From the foregoing, it should be apparent that a method and apparatus for inspecting the surface of a disc and other objects has been disclosed herein. Although not expensive, the practice of the invention disclosed herein is very effective for locating surface imperfections. Although preferred light patterns and preferred applications have been specifically discussed herein, it should be appreciated that the teachings of the invention could be readily extended. Thus, for example, a clear transparency can be used to illuminate an entire surface to permit an overall picture of any reflective surface to be obtained. Also, utilization of the invention permits a surface to be rapidly scanned to detect the presence of a defective area. The defective area can then be more critically examined with sensitive surface measuring equipment.

I claim:

1. Apparatus for facilitating the inspection of a magnetic disc having a substantially planar surface in order to locate any depressions or high spots on said surface comprising light source means providing an illumination pattern defining a plurality of substantially parallel straight lines having graduated thicknesses; said light source means being oriented relative to said surface for causing said illumination pattern to be incident on said surface at an acute angle with the pattern lines substantially perpendicular to a plane defined by the incident light and normal to said surface;

a substantially planar target positioned opposite to said light source means and substantially perpendicular to said surface to receive light specularly reflected from said surface; and

means for moving said surface relative to said light source means so as to sweep the incident pattern across said surface.

References Cited UNITED STATES PATENTS 6/1941 Bishop 88-14 7/1956 Cook 88-14 OTHER REFERENCES JEWELL H. PEDERSEN, Primary Examiner. O. B. CHEW II, Assistant Examinler.

U.S. Cl. X.R. 8824; 356

Patent Citations
Cited PatentFiling datePublication dateApplicantTitle
US2247047 *Nov 18, 1938Jun 24, 1941American Window Glass CoApparatus for inspecting glass sheets or the like
US2755702 *Oct 11, 1951Jul 24, 1956Gen ElectricSmoothness monitoring device
Referenced by
Citing PatentFiling datePublication dateApplicantTitle
US3609044 *Jul 1, 1969Sep 28, 1971Eastman Kodak CoApparatus for selectively inspecting a web surface and a coating on the surface
US3761179 *Aug 26, 1971Sep 25, 1973Polaroid CorpMirror testing apparatus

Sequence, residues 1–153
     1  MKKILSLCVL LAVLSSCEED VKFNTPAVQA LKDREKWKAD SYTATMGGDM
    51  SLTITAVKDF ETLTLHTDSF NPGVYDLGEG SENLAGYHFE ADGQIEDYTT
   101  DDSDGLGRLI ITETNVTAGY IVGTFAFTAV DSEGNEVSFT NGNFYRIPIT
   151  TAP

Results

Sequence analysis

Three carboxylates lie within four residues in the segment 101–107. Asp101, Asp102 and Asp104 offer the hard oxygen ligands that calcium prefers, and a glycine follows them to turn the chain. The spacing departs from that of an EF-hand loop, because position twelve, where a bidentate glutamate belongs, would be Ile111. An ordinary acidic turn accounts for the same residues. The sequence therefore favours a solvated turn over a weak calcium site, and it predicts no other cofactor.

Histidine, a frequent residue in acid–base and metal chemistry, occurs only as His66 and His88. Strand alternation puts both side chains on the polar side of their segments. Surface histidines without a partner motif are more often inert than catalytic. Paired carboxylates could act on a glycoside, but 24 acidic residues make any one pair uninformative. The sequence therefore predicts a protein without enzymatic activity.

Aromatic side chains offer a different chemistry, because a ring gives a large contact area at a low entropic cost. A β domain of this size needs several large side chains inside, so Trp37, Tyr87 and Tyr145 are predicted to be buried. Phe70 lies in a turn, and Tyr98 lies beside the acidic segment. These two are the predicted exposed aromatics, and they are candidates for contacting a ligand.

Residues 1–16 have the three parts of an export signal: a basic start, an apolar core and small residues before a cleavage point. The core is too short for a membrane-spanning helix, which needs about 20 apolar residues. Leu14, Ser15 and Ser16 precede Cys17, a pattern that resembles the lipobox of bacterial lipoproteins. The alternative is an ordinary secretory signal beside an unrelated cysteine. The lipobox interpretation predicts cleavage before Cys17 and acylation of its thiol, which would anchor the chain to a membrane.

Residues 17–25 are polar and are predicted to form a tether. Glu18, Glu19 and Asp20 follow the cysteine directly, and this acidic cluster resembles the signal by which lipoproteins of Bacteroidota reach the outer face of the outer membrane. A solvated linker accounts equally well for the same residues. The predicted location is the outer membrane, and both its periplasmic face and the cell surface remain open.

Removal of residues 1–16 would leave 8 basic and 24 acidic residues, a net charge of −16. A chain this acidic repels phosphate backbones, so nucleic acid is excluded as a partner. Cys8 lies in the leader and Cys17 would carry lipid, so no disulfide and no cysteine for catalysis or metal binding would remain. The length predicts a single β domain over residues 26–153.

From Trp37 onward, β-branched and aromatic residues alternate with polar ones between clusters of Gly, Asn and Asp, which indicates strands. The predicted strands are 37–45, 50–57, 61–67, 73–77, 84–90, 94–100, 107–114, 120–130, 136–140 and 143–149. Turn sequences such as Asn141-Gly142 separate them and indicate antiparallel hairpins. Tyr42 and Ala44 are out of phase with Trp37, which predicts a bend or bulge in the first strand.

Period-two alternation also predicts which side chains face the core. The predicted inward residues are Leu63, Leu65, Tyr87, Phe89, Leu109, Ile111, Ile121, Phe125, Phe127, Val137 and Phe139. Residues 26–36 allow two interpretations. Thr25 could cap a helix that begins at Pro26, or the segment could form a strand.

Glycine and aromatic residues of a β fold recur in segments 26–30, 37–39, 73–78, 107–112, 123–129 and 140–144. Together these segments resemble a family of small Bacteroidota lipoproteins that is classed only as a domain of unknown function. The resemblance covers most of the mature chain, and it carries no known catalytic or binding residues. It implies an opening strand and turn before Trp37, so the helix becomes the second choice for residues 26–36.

US3782827 *Aug 4, 1971Jan 1, 1974Itek CorpOptical device for characterizing the surface or other properties of a sample
US3988059 *Jun 23, 1975Oct 26, 1976Sanders Associates, Inc.Projector
US4184175 *Feb 9, 1977Jan 15, 1980The Procter & Gamble CompanyMethod of and apparatus for optically detecting anomalous subsurface structure in translucent articles
US4291990 *Jan 22, 1979Sep 29, 1981Vlsi Technology Research AssociationApparatus for measuring the distribution of irregularities on a mirror surface
US4629319 *Feb 14, 1984Dec 16, 1986Diffracto Ltd.Panel surface flaw inspection
US4920385 *Apr 6, 1989Apr 24, 1990Diffracto Ltd.Panel surface flaw inspection
US5005975 *Aug 31, 1988Apr 9, 1991Kao CorporationSurface profile analyzer
US5153844 *Jan 23, 1990Oct 6, 1992E. I. Du Pont De Nemours And CompanyMethod and apparatus for measuring surface flatness
US5168322 *Aug 19, 1991Dec 1, 1992Diffracto Ltd.Surface inspection using retro-reflective light field
US5206700 *Sep 26, 1991Apr 27, 1993Diffracto, Ltd.Methods and apparatus for retroreflective surface inspection and distortion measurement
US5225890 *Oct 28, 1991Jul 6, 1993Gencorp Inc.Surface inspection apparatus and method
US5686987 *Dec 29, 1995Nov 11, 1997Orfield Associates, Inc.Methods for assessing visual tasks to establish desirable lighting and viewing conditions for performance of tasks; apparatus; and, applications
US5841530 *Sep 24, 1997Nov 24, 1998Orfield Lab IncIndustrial viewing station for inspection of defects
US6417919Nov 13, 2000Jul 9, 2002Orfield Laboratories, IncorporatedMethods for assessing visual tasks to establish desirable lighting and viewing conditions for performance of tasks, apparatus; and, applications
US20070146685 *Jan 22, 2007Jun 28, 2007Yoo Woo SDynamic wafer stress management system
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WO1985003776A1 *Jan 25, 1985Aug 29, 1985Diffracto Ltd.Panel surface flaw inspection
U.S. Classification356/237.2, 353/122, 356/600, 356/613
International ClassificationG01N21/88
Cooperative ClassificationG01N21/8803
European ClassificationG01N21/88B